So in the weeks to come I’m going to be exploring a subject near and dear to my heart: what it means to be a geek and a citizen of our communities, nations, and the world.
Yes, that can be a fascinating topic, and of course I’m a compelling author (and handsome, too, just noting). But the question comes up: Why write about Geek Citizenship in the first place, or at least why am I doing it when I could be ranting about the video game industry or interviewing cool people?
As much as I love those things, this is a serious subject.
Our focus here at Muse Hack is applied geekery – putting our geek to use, modifying the muse to do more, and turning our creativity and knowledge into something. We’ve talked careers, art, video games, etc. Our role in a civil society is another area worthy of exploration.
Writing about geeks and citizenship is important for the following:
First, geeks are a distinct subgroup. Also, admittedly, one I belong to and care about, so I’m a little biased in focusing on it. The focus on any reasonably specific demographic and it’s role in society is always worth visiting for an intelligent discussion. I’m just going to discuss mine.
Second, geeks are an ascendent group culturally and politically. We’re the heart of the IT revolution. We’re catered to in the media. We’re idolized in many cases, even if at a distance. Companies that are “geeky” are wielding political influence like Facebook. To discuss our role is important since we’re taking more of one (like it or not).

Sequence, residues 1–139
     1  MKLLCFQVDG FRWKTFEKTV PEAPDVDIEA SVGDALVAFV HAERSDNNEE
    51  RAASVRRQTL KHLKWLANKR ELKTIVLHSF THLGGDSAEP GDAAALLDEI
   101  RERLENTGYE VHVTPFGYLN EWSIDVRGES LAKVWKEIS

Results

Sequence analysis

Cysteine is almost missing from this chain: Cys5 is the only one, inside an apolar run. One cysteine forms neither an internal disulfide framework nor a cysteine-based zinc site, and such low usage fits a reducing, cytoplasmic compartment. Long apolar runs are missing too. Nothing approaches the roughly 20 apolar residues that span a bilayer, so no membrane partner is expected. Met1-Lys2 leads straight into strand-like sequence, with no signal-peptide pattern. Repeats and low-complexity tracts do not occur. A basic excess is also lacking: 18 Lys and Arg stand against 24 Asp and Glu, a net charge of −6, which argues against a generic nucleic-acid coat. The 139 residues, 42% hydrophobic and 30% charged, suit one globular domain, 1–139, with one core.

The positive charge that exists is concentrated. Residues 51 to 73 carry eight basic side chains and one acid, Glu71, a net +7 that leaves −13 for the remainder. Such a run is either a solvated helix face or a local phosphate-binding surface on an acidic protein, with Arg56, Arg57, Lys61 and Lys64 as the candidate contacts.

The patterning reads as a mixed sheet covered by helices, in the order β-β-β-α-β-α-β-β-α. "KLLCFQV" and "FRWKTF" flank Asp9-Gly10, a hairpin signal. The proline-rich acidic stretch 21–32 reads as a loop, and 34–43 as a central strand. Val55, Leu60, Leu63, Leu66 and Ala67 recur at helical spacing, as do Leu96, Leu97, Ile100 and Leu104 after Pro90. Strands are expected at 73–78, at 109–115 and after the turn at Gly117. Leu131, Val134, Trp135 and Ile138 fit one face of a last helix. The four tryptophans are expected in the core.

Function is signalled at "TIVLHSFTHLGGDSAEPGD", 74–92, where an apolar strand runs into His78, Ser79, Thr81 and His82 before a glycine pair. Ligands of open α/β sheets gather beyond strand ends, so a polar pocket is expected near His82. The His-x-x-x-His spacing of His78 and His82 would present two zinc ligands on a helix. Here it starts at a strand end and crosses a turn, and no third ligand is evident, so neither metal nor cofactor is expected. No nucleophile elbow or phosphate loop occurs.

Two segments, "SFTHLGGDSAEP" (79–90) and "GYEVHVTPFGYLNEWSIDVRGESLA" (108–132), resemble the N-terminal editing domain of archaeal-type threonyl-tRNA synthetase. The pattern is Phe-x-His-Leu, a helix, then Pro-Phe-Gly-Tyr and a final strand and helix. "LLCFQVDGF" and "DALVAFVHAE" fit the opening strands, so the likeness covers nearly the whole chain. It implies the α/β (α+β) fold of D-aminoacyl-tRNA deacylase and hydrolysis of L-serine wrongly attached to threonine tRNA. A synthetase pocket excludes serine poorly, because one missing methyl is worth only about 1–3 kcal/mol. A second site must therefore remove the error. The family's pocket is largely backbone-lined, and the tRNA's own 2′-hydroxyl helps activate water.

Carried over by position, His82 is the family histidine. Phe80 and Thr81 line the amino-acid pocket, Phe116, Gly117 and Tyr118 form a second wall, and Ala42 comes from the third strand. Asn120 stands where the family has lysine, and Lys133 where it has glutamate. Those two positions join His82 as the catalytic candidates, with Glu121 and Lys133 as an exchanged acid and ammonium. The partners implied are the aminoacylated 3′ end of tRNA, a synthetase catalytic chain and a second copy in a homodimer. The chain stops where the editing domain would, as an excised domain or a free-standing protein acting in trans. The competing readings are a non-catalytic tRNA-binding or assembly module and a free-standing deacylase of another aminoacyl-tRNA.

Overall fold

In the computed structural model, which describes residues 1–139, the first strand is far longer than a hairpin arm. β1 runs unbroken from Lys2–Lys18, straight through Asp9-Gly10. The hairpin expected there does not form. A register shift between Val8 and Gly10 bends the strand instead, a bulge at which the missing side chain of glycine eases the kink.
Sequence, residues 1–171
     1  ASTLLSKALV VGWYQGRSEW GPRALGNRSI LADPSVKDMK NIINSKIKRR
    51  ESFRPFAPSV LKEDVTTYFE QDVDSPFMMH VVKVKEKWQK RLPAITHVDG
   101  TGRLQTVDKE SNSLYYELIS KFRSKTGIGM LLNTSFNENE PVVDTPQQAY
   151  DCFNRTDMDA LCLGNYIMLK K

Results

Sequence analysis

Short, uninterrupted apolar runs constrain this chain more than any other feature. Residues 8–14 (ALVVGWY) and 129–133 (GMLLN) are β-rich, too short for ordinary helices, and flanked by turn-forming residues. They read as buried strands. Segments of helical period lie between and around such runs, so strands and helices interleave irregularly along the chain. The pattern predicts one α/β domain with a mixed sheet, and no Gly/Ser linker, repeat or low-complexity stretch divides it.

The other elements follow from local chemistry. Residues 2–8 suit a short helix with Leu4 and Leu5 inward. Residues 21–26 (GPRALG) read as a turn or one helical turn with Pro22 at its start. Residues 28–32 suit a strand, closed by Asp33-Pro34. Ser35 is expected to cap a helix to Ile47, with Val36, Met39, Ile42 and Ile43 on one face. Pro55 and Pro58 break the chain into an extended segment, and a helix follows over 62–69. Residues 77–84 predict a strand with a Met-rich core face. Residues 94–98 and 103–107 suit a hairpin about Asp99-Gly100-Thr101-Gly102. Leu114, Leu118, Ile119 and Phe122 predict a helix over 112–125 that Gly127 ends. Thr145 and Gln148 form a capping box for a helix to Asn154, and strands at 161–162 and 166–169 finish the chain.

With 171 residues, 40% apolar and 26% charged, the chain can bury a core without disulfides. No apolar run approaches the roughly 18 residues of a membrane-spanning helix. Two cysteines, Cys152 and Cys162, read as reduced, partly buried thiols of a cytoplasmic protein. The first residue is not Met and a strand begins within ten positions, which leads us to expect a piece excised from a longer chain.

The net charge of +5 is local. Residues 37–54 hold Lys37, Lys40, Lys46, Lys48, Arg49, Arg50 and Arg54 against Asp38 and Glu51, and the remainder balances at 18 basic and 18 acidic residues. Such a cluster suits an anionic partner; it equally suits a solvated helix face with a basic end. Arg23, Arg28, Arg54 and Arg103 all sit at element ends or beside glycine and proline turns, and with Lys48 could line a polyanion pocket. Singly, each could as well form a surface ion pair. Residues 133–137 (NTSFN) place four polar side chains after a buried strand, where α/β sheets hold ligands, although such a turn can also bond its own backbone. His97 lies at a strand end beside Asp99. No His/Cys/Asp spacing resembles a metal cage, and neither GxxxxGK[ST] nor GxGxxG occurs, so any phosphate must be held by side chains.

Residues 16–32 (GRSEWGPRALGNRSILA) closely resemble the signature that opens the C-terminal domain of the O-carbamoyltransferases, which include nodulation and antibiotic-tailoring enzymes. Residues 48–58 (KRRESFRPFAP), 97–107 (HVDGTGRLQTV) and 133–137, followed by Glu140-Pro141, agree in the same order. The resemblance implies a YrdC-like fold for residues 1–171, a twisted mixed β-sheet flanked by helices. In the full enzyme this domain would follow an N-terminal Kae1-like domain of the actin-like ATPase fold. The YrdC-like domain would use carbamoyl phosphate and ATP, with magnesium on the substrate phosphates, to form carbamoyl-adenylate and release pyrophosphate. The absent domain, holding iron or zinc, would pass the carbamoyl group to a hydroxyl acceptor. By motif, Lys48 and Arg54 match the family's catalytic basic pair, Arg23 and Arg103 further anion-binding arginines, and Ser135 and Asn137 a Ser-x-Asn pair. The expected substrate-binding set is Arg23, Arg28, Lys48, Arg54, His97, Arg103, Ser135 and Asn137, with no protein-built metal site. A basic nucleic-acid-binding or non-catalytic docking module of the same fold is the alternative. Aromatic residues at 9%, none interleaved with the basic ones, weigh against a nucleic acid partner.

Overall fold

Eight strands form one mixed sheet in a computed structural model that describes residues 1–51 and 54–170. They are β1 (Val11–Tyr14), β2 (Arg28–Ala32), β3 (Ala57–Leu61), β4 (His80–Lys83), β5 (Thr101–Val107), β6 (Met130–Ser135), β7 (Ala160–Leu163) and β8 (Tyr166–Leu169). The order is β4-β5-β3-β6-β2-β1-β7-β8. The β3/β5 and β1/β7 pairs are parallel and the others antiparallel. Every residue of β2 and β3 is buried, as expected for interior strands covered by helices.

Third, the geek crowd involves a considerable about of talent, education, and ability. We are makers, shapers, creators, and coders. We are informed, educated, and aware. In fact I’d go as far to say that geeks probably don’t know how much they’re capable of. Since we have this power, discussing how we use it is a valid concern.
Fourth, I don’t see the role of geeks in civic society discussed enough. The discussion of Richard Florida’s Creative Class comes close, but even then it’s not far enough for me since the Creative Class doesn’t seem contain the “geek” demographic, merely intersect with it.
What I want to do is discuss these factors because if we can identify ourselves and our social and cultural roles we will be better at them. I am concerned that geeks aren’t as connected or engaged as much as they could be in society. In turn, because of this, our skills, social positions, and contributions aren’t fully realized or are even misused.
I don’t think “Geek As Citizen” is a subject that’s gotten enough attention. The geek presence in culture grew gradually and it’s a bit fuzzy and still being defined. It’s not thought of “as a thing” when it clearly is, probably because many people writing on culture aren’t well connected to Geeks. I don’t think media inertia is helping to say the least.
So, let’s start talking what role we geeks play in society . . .
. . . but first, in our next installment, I’ll try to define what a geek is. Again. I’m probably never going to get tired of trying that.
– Steven Savage